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Work and Energy Problem

  1. Mar 31, 2008 #1
    [SOLVED] Work and Energy Problem

    1. The problem statement, all variables and given/known data
    A force is applied to a rigid body moving it from rest at point (1.00 m, 4.00 m) to rest at point (5.00 m, 8.00 m). The force has an x-component of (3.00 N/m^2)x^2 and a y-component of (3.95 N/m)y. Determine the work done.

    2. Relevant equations
    KE = 1/2mv^2
    PE = mgh
    J = kgm^2/s^2
    N = kgm/s^2

    3. The attempt at a solution
    I have it drawn out on a graph. One arrow pointing to the right is the "x-component" of (3.00N/m^2)x^2 and a "y-component" of (3.95N/m)y. I know I have to get the answer in Joules.....which is J = kgm^2/s^2. Not sure what to do because the x^2 and y after each component is throwing me off. Any idea?
  2. jcsd
  3. Mar 31, 2008 #2


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    What this means is that the force components are not constant, but are functions of the position of the particle. That is to say, the components of the force at the initial position are

    Fx = 3 · 1^2 = 3 N , Fy = 3.95 · 4 = 15.8 N

    and at the final position are

    Fx = 3 · 5^2 = 75 N , Fy = 3.95 · 8 = 31.6 N .

    So you will need to do an integration along the path of the particle in order to find the total work done. Have you dealt with work as an integral of the dot product of force and infinitesimal displacement (integral of F · dx)?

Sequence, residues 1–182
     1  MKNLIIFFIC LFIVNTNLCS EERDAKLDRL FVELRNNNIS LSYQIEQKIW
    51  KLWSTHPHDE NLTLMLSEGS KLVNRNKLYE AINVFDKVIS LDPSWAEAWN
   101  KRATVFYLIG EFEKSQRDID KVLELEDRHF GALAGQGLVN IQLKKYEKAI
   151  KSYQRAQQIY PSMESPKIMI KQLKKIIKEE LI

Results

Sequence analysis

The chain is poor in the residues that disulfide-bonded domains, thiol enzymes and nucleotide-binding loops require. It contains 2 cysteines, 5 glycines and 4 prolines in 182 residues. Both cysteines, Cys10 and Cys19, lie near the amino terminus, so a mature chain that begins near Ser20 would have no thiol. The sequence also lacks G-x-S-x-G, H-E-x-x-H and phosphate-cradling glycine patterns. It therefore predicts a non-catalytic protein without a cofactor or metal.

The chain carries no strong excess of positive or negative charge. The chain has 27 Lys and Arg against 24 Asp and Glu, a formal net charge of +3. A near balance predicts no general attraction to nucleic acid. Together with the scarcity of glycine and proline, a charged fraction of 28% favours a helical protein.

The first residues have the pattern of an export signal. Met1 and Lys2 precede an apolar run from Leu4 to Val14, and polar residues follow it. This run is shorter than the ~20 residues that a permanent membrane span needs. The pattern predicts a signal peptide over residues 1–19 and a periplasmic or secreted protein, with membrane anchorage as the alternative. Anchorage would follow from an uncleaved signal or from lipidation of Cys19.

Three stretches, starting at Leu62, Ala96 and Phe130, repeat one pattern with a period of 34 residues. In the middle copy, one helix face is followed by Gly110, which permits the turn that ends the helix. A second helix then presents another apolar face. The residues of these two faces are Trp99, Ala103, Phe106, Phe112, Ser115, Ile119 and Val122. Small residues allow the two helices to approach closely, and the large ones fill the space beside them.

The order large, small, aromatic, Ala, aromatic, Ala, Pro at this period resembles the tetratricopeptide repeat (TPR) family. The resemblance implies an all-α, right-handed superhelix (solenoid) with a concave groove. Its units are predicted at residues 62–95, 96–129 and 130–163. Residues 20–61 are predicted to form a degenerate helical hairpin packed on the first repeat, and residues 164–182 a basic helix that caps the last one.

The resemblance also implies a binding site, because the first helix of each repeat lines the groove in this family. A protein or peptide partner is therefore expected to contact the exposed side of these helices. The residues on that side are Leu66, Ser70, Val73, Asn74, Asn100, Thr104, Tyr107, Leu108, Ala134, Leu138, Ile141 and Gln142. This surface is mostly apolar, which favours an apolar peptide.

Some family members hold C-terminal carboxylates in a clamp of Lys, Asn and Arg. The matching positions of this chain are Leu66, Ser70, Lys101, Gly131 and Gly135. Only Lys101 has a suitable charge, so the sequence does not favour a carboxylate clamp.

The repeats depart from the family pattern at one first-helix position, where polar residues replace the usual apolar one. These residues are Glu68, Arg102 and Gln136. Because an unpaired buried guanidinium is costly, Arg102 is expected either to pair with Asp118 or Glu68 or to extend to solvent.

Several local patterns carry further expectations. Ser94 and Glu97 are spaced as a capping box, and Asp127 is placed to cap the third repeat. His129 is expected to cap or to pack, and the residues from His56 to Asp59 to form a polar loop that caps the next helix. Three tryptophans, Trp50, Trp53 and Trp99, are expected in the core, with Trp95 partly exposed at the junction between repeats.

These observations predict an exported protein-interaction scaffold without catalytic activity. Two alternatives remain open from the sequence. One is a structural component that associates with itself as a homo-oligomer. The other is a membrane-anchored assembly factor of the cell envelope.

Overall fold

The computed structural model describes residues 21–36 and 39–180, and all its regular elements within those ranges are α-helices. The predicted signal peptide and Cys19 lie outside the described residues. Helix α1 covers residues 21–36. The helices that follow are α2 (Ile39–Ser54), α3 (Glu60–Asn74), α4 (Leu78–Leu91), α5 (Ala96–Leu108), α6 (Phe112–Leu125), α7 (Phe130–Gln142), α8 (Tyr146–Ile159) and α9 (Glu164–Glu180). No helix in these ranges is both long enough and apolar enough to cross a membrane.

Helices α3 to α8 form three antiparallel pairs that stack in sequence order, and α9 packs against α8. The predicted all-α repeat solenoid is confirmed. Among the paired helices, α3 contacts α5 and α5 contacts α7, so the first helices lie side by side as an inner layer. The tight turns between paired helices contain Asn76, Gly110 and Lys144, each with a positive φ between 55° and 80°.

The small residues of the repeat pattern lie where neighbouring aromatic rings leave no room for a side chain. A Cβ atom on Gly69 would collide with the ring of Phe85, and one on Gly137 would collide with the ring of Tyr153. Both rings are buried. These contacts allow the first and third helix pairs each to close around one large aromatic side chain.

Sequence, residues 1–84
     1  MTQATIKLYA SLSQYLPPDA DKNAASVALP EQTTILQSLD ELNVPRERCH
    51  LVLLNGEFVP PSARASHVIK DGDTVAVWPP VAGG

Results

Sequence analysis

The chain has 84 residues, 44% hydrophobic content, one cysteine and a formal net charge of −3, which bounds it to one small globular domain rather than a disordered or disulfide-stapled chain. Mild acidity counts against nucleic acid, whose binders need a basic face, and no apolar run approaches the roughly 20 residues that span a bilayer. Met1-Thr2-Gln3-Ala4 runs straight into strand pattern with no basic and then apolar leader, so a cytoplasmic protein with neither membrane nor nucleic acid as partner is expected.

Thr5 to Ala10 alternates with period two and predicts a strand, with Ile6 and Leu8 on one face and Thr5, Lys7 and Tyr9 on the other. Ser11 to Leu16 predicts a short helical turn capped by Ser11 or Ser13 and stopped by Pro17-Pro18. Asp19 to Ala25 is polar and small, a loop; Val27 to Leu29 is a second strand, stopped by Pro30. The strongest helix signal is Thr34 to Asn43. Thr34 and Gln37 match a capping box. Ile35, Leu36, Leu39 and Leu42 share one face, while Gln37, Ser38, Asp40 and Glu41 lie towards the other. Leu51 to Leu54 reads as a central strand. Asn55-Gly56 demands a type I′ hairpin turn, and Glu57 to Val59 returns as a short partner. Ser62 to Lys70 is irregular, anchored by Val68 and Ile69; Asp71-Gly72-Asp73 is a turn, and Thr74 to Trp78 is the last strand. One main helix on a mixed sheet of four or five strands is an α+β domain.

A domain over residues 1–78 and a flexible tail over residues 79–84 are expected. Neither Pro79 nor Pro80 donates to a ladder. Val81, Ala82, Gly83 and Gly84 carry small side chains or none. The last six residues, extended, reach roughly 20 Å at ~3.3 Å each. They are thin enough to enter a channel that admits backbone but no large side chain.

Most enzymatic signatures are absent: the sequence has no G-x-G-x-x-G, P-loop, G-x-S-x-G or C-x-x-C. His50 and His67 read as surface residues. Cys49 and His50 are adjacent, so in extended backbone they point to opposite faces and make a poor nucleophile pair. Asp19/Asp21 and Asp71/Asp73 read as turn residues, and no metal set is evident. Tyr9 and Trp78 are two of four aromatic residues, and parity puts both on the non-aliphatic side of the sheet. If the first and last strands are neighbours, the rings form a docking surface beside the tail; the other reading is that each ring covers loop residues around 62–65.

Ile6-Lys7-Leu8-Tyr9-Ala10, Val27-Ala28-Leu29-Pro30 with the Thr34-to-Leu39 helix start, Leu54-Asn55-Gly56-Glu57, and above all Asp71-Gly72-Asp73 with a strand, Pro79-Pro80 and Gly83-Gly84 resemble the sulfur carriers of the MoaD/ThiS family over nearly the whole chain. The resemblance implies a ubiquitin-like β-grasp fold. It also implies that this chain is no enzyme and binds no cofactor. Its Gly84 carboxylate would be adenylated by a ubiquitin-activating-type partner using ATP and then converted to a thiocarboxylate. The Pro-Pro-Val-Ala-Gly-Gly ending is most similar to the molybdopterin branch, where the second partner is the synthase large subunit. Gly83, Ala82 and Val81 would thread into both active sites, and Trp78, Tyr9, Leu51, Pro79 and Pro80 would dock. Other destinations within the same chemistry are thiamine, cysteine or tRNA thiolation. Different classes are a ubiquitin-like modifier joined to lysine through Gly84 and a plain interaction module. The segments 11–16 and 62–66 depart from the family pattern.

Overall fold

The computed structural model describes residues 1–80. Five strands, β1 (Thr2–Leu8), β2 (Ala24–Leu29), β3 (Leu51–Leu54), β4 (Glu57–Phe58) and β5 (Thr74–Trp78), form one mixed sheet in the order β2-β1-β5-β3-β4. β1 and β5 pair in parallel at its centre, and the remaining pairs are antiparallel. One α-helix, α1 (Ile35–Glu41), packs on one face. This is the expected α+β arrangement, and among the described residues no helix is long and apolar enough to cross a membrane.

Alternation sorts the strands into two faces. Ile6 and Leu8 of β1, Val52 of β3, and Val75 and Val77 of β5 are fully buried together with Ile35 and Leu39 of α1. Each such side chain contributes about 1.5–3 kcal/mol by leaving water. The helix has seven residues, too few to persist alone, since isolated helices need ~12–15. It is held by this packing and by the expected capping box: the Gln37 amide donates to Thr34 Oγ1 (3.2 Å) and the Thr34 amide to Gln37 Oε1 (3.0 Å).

4. Mar 31, 2008 #3
    Oh, Ok. I get what you did for finding the N for each part. But integration part I'm totally lost. To answer your question, no we havn't. Is there another way to do this problem?
  5. Mar 31, 2008 #4


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    Have you dealt with integration to find work done along a path at all? If so, there's a way to set it up. There isn't really any good way to do this otherwise when the force is not a constant vector over the entire path.
  6. Mar 31, 2008 #5
    No we havn't done any integration. Is it possible to guide me through it or "teach" me it?
  7. Mar 31, 2008 #6


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    First off, is your course calculus-based at all? I'm wondering if they're going to show you how to do this sort of problem...

    We know that the force is described by Fx = 3·(x^2) , Fy = 3.95·y. What is the equation of the line connecting the starting and ending points?
  8. Mar 31, 2008 #7
    There's suppose to be a little bit of calculus. The thing is I didn't take calculus yet so I don't know some of the math other's in the class might.

    line - y = x + 3

    (8-4)/(5-1) = slope = 1
    8 = 1(5) + b
    b = 3
  9. Mar 31, 2008 #8


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    Arrggh! I'm really sorry: I just re-read the problem and realized what they actually asked you to do! Most of the information in this problem is window-dressing or distraction. You are told that the object is at rest at the beginning and at rest at the end. (I don't know if they've talked to you about how to test for a conservative force.) Have you had the work-kinetic energy theorem yet? (I presume by "determine the work done" that the problem is asking for the net work done on the object.)
    Last edited: Mar 31, 2008
  10. Mar 31, 2008 #9
    Is that KEf - KEi = Total Work?
  11. Mar 31, 2008 #10


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    So the total work done on the object is...?